• Once you've evenly coated the cake pop, have some coating trickle to below (1/4 inch down) the cake ball and seal the base to the stick.
  • Now you get to decorate! Either use sprinkles/edible glitter and coat when wet or wait and "glue" decorations on with wet candy melts.
  • Let stand onto your styrofoam surface.
  • If not served the same day, set pops in the fridge until 10 minutes before serving. In some warmer climates ( like where I'm living), they pop will pop right off the stick if not cooled.
I baked 2 cakes for this,chocolate and vanilla, paired them both with chocolate buttercream. 

Play around with some "samples"- don't worry- your ugly ones won't go to waste.
Pat yourself on the back, pop a pop into your mouth and take a bite, It might be impossible thereafter to consume just the one- don't say I didn't warn you.
For some pre-prep, bake the cake a day or two ahead. Form the balls and keep covered in the refrigerator (not more than 3 days, otherwise freeze) until ready to dunk and finish.
Proportion frosting accordingly if you are are not using entire cake. Also, if limiting quantity of candy melts, make sure you limit your shortening and lessen time in the microwave.
Colorful stash makes me happy.

Gifts for teachers as well as for some awesome office staff.
I just want to end on a note of gratitude. The days that I feel ZERO inspiration and overshadowing writer's funk, encouragement comes knocking in the form of a comment, a new follower or a very inspiring email. I am most grateful for the followers, readers, subscribers, and the many comments and suggestions that have been streaming through. Believe me, not one goes unnoticed. Many thanks to all of you!
My fellow bloggers have extended great support and welcomed me with impressionable counsel and much inspirational cheerleading. Thank you.
My sister- in- law, Annies, who is a true support, has furnished me with a few of her excellent recipes which you will see in future postings- stay tuned. Thank you, Annies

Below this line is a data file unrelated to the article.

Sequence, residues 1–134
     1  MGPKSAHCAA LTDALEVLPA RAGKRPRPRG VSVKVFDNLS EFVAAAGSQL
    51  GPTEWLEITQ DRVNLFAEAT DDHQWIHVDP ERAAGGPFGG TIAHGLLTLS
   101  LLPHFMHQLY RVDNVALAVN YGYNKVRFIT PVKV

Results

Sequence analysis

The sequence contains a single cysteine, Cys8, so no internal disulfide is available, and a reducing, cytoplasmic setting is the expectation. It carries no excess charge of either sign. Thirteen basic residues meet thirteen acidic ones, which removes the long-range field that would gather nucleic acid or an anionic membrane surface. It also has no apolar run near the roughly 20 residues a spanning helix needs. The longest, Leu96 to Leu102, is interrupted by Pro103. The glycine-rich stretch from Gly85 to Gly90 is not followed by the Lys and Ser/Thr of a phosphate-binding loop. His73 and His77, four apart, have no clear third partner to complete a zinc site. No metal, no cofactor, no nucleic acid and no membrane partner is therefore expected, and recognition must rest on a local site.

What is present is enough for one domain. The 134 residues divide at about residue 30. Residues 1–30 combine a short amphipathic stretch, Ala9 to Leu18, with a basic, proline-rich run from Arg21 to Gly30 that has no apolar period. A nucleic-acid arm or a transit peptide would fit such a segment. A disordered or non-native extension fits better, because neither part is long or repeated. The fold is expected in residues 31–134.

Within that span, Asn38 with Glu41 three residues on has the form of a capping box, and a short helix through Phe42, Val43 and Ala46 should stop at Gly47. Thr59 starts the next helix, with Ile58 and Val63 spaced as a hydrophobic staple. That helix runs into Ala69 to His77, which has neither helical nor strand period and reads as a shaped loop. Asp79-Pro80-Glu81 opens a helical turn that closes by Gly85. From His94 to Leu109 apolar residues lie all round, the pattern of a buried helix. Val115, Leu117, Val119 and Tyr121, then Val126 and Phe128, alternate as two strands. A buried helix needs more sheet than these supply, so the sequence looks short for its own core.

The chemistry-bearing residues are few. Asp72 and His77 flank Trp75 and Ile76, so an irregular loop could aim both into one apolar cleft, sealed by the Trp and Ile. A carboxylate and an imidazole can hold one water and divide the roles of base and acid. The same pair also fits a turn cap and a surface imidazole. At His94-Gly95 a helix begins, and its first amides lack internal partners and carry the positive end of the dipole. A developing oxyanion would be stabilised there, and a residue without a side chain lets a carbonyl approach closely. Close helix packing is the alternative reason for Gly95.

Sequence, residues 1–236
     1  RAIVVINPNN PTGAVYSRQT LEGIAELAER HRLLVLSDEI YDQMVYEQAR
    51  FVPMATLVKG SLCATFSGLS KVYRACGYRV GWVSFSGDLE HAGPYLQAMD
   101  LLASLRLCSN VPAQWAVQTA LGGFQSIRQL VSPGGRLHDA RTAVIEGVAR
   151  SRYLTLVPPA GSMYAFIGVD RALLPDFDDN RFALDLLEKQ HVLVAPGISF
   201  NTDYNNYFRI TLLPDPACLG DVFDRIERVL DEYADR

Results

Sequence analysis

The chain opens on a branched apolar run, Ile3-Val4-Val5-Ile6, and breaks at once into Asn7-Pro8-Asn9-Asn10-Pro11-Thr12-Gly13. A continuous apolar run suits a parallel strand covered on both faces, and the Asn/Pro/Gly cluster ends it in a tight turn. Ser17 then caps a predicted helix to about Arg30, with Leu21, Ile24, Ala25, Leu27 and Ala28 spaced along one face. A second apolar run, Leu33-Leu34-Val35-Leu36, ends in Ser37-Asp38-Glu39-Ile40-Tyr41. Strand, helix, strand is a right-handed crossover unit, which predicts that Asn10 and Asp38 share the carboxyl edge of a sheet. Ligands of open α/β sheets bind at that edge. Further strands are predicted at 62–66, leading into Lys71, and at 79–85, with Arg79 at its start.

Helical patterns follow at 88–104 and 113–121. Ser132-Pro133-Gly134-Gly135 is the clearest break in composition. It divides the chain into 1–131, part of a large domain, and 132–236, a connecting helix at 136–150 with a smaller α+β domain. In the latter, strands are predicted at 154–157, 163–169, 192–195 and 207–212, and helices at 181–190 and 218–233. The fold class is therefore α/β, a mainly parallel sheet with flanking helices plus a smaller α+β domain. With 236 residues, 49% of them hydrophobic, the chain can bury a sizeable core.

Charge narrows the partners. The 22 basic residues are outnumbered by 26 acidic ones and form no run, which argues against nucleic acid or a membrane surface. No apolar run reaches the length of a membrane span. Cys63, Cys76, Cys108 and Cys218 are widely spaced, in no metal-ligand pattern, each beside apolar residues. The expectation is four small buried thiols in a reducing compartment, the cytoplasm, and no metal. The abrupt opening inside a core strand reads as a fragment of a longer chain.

Reader comments and notes pave way to a mutual connection and much appreciated dialogue. Hopefully, I'm able to do you justice and continually improve this recipe journal and inspire through it.  My heart is most thankful.
A birthday party order for an 11 year old who loves neon.
 " Then, I will praise God's name with singing, and I will honor Him with thanksgiving." Psalm 69:30 (NLT)
 "For everything created by God is good, and nothing is to be rejected, if it is received with gratitude; for it is sanctified by means of the word of God and prayer. "1 Timothy 4:4-5 (NAS) 


  1. Tisa visiting your space after a long time and can see the difference from first post!!! Great going dear! Beautiful pics of cake pops... so you have upgraded your camera right? ;) Cake pops are my favorite too :)... Candy melts are not easily available here so I usually dip cake balls in melted chocolates....

    1. Thank you, thank you Swapna, for your wise counsel and support from the beginning! The pictures were the hardest, you know, so I'm very grateful for the compliments on those- yes, the camera is definitely an upgrade ;-) Cake pops are the best- I'm sure, they're even better with your chocolate cover- yum:)

  2. great looking cake pops Tisa.. loved the snaps... they're too tempting

    1. Thank you Reshmi, I think I swallowed quite few whole while assembling.

  3. These look so pretty! I love the presentation with the little boxes as well!

    1. Thank you Mrs. Schwartz, cute way to hold them up, right? ;-)

  4. Lovely n fabulous presentation,I feel to grab a few,any left overs?? :-)Cake pops are in m,y to do list since long but this has tempted me so much that soon I will be making these..

    Join me in the ONGOING EVENTS-"Ginger & Pepper Corns/powder(EP Series-May) ,
    Show me Your HITS 'Iron Rich Foods'

    1. Thank you Julie! Yes, you should, make a few and then parcel me some too. All mine are gone!

  5. These cake pops are simply perfect - they look too adorable and are filled with delicious delicious cake :D
    You are very talented!

    Choc Chip Uru

    1. Thank you Uru- I don't know if it's talent, they are quite easy to make :)

  6. Your cake pops are so awesome, happy and spring-like. I've only made them once before, and don't have easy access to fun things like coloured candy melts (though have discovered that food colouring in melted white chocolate seems to be the same thing), but you are inspiring me to give them another go!

  7. Thanks so much B- white chocolate sounds just great, in fact the melts taste just like it! You should give them a go- pop making boosts spirits tremendously :)

  8. wow cake pops looks awesome. beautiful pictures

  9. The pics all are really nice and the presentation is excellent..

  10. I am inspired by your story. Your cake pop colors are so grants and I appreciate the display set. Good luck on you journey in the world of cake pops.

  11. Thank you Louise. Cake pops are fun and so easy to make. If you haven't tried them, you should.


Thanks for sharing your thoughts with me!